FOR THE RECORD: Isabelle Kesslerâ€™s name has been corrected in this story.
One chilly morning, I could think of nothing finer than the opportunity to sit in an elementary school and watch a puppet show. It started like you might expect. Longtime Albuquerque puppeteer Loren Kahn strapped on her theater box, a one-of-a-kind performance space decorated in silk and brocade, and soon she was eliciting squeals and laughs with a one-woman burlesque of kazoo, tin horn and a trombone-playing, wisecracking frog starring in a revamped version of Grimmâ€™s fairy tale â€śThe Frog Prince.â€ť
Things quickly turned existential.
â€śThis is an hour we will spend together,â€ť Kahnâ€™s theater partner, Isabelle Kessler, told the third- and fourth-graders at Eubank Elementary in a thick French accent. â€śAnd when itâ€™s over, we will never have it again. You have expectations for today, which I think is not to be bored, and we have expectations of you, which is to feel. So I hope our expectations meet.â€ť
It was Kesslerâ€™s way of asking for complete attention to the program â€śThe Art of Being a Spectator,â€ť which Kahn and KesslerÂ have been taking to elementary schools under funding from the city of Albuquerque, New Mexico Arts and the McCune Charitable Foundation.
That request, as it turned out, was hardly necessary.
The 40 or 50 kids sat in rapt attention as the puppet show unfurled and as Kahn and KesslerÂ led them through a discussion of art and perspective, the difference between thinking and feeling, how the reactions of others influence how we feel.
â€śWhat is the difference between being a spectator and being a witness?â€ť Kahn asked.
â€śWhat is going on in your head when you see art?â€ť KesslerÂ asked.
â€śFeelings,â€ť KesslerÂ said abstrusely, â€śthey can multiply.
When someone asked whether the frog in the puppet show was really a frog or a prince, Kahn and KesslerÂ both exclaimed, â€śAhhh!â€ť Now we were really getting to somewhere.
â€śEveryone,â€ť KesslerÂ said, â€śhas a prince or princess inside themselves.â€ť
Then KesslerÂ made a reference to the humanist philosopher Montaigne and told her ponytailed and sneakered audience that Montaigne believed â€śinside of us we have a crowd of people.â€ť
I turned to the kids to check for yawns or frowns or giggles.
Nope. They were locked onto Kessler.
When Kahn and KesslerÂ asked the 10- and 11-year-olds what a spectator is and what he should do, hands went up.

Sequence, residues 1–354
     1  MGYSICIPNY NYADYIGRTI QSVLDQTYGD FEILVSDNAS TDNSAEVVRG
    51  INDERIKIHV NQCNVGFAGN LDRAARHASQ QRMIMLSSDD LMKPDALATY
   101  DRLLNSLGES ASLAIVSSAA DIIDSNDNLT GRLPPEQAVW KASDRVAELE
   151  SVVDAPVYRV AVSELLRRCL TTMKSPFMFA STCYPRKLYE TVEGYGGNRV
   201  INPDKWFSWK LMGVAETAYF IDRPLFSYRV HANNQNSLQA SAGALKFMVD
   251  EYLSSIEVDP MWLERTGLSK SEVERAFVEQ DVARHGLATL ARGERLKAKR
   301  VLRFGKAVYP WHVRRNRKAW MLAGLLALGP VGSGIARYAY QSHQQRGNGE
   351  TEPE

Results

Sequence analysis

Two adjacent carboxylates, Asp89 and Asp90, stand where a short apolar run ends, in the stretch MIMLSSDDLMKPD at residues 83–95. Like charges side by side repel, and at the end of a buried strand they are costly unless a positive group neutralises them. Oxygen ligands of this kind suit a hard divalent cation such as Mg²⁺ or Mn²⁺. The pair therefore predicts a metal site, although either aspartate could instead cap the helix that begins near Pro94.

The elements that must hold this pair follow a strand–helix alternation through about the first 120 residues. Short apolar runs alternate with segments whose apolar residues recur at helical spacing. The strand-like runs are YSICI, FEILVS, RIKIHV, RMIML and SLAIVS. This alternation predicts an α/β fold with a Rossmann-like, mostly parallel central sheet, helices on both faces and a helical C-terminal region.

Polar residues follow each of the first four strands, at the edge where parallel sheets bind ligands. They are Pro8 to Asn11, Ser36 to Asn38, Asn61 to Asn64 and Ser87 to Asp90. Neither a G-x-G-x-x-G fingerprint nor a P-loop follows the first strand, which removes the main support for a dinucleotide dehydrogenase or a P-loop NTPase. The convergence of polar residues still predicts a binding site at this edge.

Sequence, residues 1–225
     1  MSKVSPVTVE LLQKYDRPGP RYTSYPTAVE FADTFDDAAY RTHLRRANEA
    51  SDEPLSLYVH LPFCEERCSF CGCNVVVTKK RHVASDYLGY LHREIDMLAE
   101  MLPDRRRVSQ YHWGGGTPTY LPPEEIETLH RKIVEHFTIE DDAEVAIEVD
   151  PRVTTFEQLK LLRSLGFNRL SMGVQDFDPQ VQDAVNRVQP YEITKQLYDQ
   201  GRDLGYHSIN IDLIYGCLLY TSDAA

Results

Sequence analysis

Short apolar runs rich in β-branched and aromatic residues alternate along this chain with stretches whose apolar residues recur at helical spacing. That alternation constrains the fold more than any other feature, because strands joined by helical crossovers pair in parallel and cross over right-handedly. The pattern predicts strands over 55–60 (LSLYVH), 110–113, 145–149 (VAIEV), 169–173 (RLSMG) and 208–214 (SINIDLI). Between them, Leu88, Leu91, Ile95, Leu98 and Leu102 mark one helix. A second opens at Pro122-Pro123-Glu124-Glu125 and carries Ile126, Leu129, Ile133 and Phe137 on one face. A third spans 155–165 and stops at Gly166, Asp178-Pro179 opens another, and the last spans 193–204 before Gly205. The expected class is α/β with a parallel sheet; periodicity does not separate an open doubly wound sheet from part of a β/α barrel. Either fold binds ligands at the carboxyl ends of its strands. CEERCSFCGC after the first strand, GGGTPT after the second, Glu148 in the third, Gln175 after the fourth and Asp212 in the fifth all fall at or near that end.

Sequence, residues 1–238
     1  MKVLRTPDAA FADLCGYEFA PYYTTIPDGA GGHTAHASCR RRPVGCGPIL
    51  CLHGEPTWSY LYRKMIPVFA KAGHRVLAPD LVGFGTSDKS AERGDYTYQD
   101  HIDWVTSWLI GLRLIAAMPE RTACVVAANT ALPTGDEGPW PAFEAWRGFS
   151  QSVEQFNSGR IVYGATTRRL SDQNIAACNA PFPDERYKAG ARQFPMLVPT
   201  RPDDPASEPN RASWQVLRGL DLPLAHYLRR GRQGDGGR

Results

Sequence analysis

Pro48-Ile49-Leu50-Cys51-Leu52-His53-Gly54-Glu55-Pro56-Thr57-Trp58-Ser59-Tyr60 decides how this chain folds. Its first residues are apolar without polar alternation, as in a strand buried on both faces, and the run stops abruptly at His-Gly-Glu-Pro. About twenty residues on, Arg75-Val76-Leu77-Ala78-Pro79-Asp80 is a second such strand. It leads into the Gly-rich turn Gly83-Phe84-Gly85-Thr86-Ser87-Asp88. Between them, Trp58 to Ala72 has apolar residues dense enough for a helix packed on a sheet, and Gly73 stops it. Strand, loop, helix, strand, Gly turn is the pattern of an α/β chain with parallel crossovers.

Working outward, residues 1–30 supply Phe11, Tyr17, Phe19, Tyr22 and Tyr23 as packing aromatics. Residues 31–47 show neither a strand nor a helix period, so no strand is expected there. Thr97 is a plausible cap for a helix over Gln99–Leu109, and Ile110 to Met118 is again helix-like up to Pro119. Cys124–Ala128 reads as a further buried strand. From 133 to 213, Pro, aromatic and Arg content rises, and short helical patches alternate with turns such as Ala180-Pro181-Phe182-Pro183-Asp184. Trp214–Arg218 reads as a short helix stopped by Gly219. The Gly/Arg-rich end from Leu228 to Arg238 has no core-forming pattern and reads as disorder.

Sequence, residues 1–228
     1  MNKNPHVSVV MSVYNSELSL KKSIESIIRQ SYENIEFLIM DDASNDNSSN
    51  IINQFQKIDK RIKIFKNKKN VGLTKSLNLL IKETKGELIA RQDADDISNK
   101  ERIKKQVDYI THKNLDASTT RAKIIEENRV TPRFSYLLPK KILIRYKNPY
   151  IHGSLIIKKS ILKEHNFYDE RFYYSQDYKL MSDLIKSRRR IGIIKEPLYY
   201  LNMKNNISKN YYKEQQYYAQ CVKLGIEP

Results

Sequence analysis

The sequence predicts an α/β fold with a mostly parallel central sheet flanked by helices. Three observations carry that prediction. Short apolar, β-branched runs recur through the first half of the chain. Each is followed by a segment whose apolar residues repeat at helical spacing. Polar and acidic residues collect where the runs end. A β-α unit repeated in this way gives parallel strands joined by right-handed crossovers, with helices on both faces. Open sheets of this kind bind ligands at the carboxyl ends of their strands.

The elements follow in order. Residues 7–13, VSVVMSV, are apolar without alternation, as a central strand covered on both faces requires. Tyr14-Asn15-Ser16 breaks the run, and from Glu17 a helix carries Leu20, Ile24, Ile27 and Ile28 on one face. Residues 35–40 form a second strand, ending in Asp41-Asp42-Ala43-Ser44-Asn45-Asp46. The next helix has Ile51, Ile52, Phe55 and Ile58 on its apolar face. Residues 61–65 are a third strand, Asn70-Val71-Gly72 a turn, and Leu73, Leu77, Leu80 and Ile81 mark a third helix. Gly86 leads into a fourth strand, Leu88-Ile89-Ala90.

â€śThey sit and watch.â€ť
â€śStay and be quiet.â€ť
â€śYes,â€ť KesslerÂ said. â€śAs a spectator we build something in our head.â€ť
Kahn and KesslerÂ developed this interactive curriculum to influence how children think about the various media that surround them â€“ television, video games, movies, theater, art and music.
Instead of zoning out and wasting time, or accepting messages without analyzing them, they want to encourage even the youngest children to engage with everything they see.
â€śI want to tell them that if you are looking at something, you are alive. Take the time to enjoy what you see, what you feel. I hope that they understand that when they are spectators, itâ€™s a nourishment. To not think, to not engage, itâ€™s terribly dangerous.â€ť
As the world of media grows and fractures into special-interest outlets all with their own â€śfacts,â€ť engaged, critical thinking might be what separates shepherds from sheep.
When â€śThe Art of Being a Spectatorâ€ť program is complete, Kahn and KesslerÂ will have put on 42 shows for a couple thousand kids â€“ all for $15,000 in funding, which seems like a bargain.
KesslerÂ is a theater director who was a professor of cross-cultural communication in France and who believes preschool isnâ€™t too early to start talking to children about philosophy.
I pointed out to her that she uses some sophisticated language and concepts in a presentation to elementary school kids.
â€śAnd they get it!â€ť she said.
When I talked to the kids before they lined up to march back to their classes, they said they loved the show. In fact, it had gone a half-hour over the allotted hour and no one had gotten fidgety.
They all told me they watch some TV and movies, but spend more time with video games â€“ the â€śscreen mediaâ€ť that is becoming a constant in the lives of children.
Jack Lockhart, who is in fourth grade, told me he liked to play â€śMadden NFL 13â€ť and to watch â€śAdventure Timeâ€ť on the Cartoon Network.
But when I asked him to tell me his favorite thing to watch, he surprised me.
â€śWatching my baby brother sleep,â€ť he told me. â€śIt makes me feel good.â€ť
UpFront is a daily front-page news and opinion column. Comment directly to Leslie at 823-3914 or email@example.com. Go to www.abqjournal.com/letters/new to submit a letter to the editor. â€” This article appeared on page A1 of the Albuquerque Journal